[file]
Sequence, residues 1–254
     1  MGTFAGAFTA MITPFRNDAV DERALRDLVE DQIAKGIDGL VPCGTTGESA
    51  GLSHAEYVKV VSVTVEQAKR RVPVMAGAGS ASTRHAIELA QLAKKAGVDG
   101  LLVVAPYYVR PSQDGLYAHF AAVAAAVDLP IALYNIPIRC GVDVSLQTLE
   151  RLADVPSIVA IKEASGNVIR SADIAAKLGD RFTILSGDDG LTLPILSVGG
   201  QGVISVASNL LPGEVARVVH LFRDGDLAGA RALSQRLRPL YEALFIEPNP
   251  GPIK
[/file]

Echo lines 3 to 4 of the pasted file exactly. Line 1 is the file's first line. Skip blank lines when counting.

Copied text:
    51  GLSHAEYVKV VSVTVEQAKR RVPVMAGAGS ASTRHAIELA QLAKKAGVDG
   101  LLVVAPYYVR PSQDGLYAHF AAVAAAVDLP IALYNIPIRC GVDVSLQTLE